INDIAN ROCKS BEACH – Dean Scharmen won’t be retiring permanently after all. It has been no secret that the long-time public services director was going to retire this summer. He’s been an employee of the city for 35 years and public services director for nearly 20.
Even though he is only 53 years old, his retirement was cast in stone when he enrolled in Florida’s DROP plan five years ago.
The Deferred Retirement Option Plan allows a State or Municipal employee to continue to work for five years but at the same time collect a pension. That pension money goes into a special fund and when the employee actually retires, he or she collects that money and continues to receive a pension. The caveat to the deal is that the employee must retire after five years in the plan.
Scharmen is about to experience the best of both worlds. It turns out an employee can be rehired if he takes six months off, away from work. That is the plan that City Manager Gregg Mims has worked out in order to keep Scharmen on board.
Mims said he focused on getting Scharmen back after an arrangement with another candidate for the job fell through.
“I offered the position to a gentleman who couldn’t take it because of family issues,” he said. “When that happened I had to reevaluate. I had heard nothing but good about Dean so I offered him the opportunity to come back.”
Mims said he had to do his homework because of the rules involved with the DROP program and rehiring retired employees.
“I talked with Dean about ways we could manage to retain him and I got Financial Director Dan Carpenter involved and we verified the rules,” he said. “We cleared the legal and ethical issues and discovered that Dean would have to be off the job for six months. He needs to be off the job completely for that length of time.”
As part of making that happen Mims had to do some reorganization inside city hall. Solid Waste Supervisor Calvin Warren has been promoted to assistant director of public services and will fill in for those six months while Scharmen is away. His job is not temporary. In fact Mims said Warren’s promotion is part of a long-term plan.
“Calvin is a good up and coming young employee,” he said. “He lacks some public services experience. When Dean comes back I want Calvin to work with him. Dean won’t be hanging around forever so now a transition plan is in place.”
For Scharmen returning to his job with the city isn’t all that different from the retirement plan he had worked out for himself anyway.
“I’m too young not to do something,” he said. “I fully intended to look for alternate employment once I had taken a little time off so this works out well for me.”
Scharmen joined the city right out of high school. He has known no other employer other than the city of Indian Rocks Beach.
“I grew up in Indian Rocks Beach,” he said. “I started working for the city in 1979 fresh out of Largo High School. It was neat to grow up here, go to school and get a job in my own backyard.”
It turned into a career.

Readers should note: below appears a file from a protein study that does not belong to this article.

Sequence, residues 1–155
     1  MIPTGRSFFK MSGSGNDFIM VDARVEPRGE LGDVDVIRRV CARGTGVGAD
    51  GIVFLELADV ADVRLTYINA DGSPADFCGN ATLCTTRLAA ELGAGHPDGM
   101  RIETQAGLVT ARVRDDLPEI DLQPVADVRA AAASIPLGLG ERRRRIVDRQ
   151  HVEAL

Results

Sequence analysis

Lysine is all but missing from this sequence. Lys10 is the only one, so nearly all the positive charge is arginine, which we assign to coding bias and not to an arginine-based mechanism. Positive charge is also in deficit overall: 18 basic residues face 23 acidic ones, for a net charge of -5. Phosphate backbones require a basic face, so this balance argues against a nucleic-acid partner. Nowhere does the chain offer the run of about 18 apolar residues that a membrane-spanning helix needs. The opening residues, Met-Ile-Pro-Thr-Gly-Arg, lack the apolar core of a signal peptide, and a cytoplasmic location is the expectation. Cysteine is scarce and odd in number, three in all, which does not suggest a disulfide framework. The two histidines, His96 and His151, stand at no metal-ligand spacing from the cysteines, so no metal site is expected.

“A career in Public Works can be challenging and rewarding. It has given me numerous opportunities for advancement,” he said. “My job serves every citizen in this city every single day.”
Serving the citizens everyday means that Scharmen has had his hands on just about everything the city has been involved in.
“Emergency management is something that is always challenging,” he said. “No one likes the storms that impact the area. But there have been many good positive things over the years. There are several examples: the building of the Nature Preserve and Chic-A-Si Park, the Keegan Clair Boat Docks and beach re-nourishment. My entire career has been challenging, but it is fun and I get the satisfaction of knowing I’m serving every citizen every day.”
As for being asked to come back and rejoin the city after his retirement, Scharmen said he was honored.
“I work with a great bunch of people and I believe I’m of some value to the organization as a whole,” he said. “It was pretty humbling.”
Another humbling event Scharmen said was his selection as Public Works Director of the year by the Florida West Coast branch of the American Public Works Association. That award was given him this spring.
As for his six-month down time, Scharmen said he and his wife Jileen have some plans.
“We are going to do some traveling,” he said. “And of course she has a to-do list and I’ll try to scratch a couple of items off that. Otherwise I’m just going to take it easy. I’ve been working nights and weekends and during emergencies so it is time for some down-time.”
Some of that time will no doubt be spent with his adult children: daughter Elissa Ables, who got married recently and lives in Clearwater and his son, Dean Jr. who lives in Largo.
Then, in February 2015, it will be back to work at his job as director of public services. Mims said the city is lucky to have him back.
“Dean has spent his whole professional career working for the city. He knows where everything is, every wire and every pipe,” he said. “The city has a lot invested in Dean. He’s a young man and can serve the city well for many years.”